The Color-Line in Boston

February 15, 1896


The writer calls for legal action against hotel proprietors who refused a respected man service because he was black.


The refusal of the proprietors of the Adams House, Parker House and Young's Hotel of Boston, Mass., to accommodate the Rt. Rev Benjamin W Arnett, senior bishop of the A. M. E. Church, Jan. 29, 1896, has created general surprise throughout the country and caused all manner of unfavorable comment to be directed against this northern city.
Bishop Arnett is a gentleman and a scholar, a man of wide spread influence among both races, and that he should be thus treated is as unfortunate as it is disgraceful.
We note that on Thursday night Feb 6, Councilman Ruffin of the city of Boston offered the following resolutions which were unanimously adopted:
Whereas, a distinguished divine Bishop Arnett, of Ohio, in the cause of Christianity visited our city; and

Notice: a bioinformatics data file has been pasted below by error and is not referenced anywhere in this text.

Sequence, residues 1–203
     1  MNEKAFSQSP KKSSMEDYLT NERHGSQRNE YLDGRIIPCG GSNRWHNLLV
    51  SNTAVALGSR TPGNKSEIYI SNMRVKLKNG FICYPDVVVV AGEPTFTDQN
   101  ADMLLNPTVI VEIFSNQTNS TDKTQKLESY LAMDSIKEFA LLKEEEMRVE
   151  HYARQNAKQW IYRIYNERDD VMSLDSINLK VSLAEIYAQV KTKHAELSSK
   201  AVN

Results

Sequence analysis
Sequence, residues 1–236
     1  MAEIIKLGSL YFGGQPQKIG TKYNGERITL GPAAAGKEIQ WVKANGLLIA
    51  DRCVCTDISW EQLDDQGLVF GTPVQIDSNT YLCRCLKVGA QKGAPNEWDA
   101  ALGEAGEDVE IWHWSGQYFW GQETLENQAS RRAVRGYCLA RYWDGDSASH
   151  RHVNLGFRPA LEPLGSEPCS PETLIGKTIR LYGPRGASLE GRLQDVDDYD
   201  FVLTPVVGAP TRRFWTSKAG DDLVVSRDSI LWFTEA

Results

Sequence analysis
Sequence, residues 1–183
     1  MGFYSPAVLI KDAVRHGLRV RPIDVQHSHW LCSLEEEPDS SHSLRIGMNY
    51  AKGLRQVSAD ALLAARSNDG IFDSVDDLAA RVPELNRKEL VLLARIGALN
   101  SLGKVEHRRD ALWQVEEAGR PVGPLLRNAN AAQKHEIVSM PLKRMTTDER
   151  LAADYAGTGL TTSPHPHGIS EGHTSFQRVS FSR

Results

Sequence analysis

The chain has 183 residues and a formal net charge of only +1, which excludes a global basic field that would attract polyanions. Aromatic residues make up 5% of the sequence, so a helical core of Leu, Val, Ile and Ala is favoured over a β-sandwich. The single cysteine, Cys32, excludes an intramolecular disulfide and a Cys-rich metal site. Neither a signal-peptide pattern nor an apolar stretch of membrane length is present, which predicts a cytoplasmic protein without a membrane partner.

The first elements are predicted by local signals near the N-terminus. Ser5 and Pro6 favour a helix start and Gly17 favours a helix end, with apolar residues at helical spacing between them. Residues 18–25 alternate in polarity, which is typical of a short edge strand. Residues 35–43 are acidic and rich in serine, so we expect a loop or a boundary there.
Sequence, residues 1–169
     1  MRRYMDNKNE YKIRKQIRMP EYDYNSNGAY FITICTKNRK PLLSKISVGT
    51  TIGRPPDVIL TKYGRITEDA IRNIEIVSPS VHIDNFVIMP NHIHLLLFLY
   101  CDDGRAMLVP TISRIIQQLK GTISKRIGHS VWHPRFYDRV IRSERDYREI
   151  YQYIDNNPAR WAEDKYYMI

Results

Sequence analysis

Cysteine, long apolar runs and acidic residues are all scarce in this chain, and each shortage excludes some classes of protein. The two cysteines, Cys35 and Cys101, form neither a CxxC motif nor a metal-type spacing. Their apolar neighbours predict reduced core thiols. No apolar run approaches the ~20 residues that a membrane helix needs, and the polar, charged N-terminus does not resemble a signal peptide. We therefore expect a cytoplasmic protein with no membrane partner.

Whereas finding it necessary to apply for shelter at various public inns located in this city, licensed under our laws and amenable to the laws of our State, the said Bishop Arnett was, because of the color of his skin, refused accommodations, in direct violation of the law; therefore be it
Resolved, That the City Council voicing the sentiment of the people of Boston, condemn such discrimination and urge upon the district attorney the necessity of bringing the violator of our laws to a sure and speedy punishment.
Now will this district attorney dare to bring these hotel-keepers to justice? Will he use his efforts to have the good name of the city of Boston vindicated or will this outrageous insult of Bishop Arnett pass by without any positive action and the memory of it be as dream? We shall wait and see.
About this article

Location on Page

Upper Left Quadrant

Contributed By

Liam Eynan


“The Color-Line in Boston,” Black Virginia: The Richmond Planet, 1894-1909, accessed June 20, 2024,